I doubt very much that they would include benefits in this arrangement for two reasons. One you are a freelancer and not an employee so I am not sure they can offer you benefits in such an arrangement. Second, one of the reasons you agree to high hourly rates for freelancers is because you DON'T have to provide benefits or pay taxes for them. The freelancer is responsible for providing this for themselves so they tend to charge higher hourly rates to cover these expenses.

Why not just ask them

I agree, guessing is a waste of energy. Just ask and find out for sure what is on the table and what is not.

9:55 pm on Sept 16, 2008 (gmt 0)

Full Member

10+ Year Member

joined:Mar 8, 2003
posts:234
votes: 0


@aspdaddy, how about a constant income of big bucks?

I do plan to ask when we get to that place in our working relationship but I certainly want to be somewhat appraised of what would be considered a normal conversion ratio (freelance to fulltime) so I don't come off as either under or over valuing myself.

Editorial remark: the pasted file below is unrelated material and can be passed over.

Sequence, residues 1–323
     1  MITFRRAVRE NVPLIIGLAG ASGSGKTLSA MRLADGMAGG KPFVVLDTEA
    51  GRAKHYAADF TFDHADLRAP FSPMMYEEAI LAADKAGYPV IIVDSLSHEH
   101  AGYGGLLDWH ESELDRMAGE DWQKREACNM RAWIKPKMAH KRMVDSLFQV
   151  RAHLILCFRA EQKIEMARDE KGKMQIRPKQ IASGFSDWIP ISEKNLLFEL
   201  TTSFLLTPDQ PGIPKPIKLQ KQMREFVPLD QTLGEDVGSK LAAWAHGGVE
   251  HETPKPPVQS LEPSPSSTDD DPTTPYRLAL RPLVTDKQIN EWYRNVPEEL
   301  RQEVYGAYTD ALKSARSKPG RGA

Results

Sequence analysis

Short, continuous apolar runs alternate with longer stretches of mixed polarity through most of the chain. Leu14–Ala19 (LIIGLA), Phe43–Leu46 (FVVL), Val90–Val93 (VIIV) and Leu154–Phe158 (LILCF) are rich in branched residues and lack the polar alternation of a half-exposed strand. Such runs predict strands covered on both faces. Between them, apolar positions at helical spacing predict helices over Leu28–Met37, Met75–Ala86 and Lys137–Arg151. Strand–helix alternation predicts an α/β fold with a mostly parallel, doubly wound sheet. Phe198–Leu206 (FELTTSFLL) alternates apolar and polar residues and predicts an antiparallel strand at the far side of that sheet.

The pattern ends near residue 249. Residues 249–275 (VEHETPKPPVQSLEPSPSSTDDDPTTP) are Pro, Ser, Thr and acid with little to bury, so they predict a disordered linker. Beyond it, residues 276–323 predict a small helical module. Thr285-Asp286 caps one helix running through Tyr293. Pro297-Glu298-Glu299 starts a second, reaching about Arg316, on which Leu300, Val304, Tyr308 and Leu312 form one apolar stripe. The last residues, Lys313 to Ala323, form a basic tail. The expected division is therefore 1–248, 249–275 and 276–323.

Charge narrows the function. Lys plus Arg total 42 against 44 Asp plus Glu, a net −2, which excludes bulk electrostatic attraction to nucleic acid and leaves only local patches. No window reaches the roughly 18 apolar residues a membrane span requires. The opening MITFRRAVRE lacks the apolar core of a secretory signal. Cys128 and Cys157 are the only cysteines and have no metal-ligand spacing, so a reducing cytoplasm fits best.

Call my questions market research. This IS the place to ask questions about things a person needs to know right? 8-)

6:16 am on Sept 19, 2008 (gmt 0)

Senior Member

WebmasterWorld Senior Member essex_boy is a WebmasterWorld Top Contributor of All Time 10+ Year Member

joined:May 19, 2003
posts:3212
votes: 17


Im self employed all bit in a nother line of work, the pay rate is vastly improved and you dont really have to take any rubbish from anyone. The two main reasons I do it.

Work flows in easily if your good at your job.

7:12 am on Oct 1, 2008 (gmt 0)

Preferred Member

10+ Year Member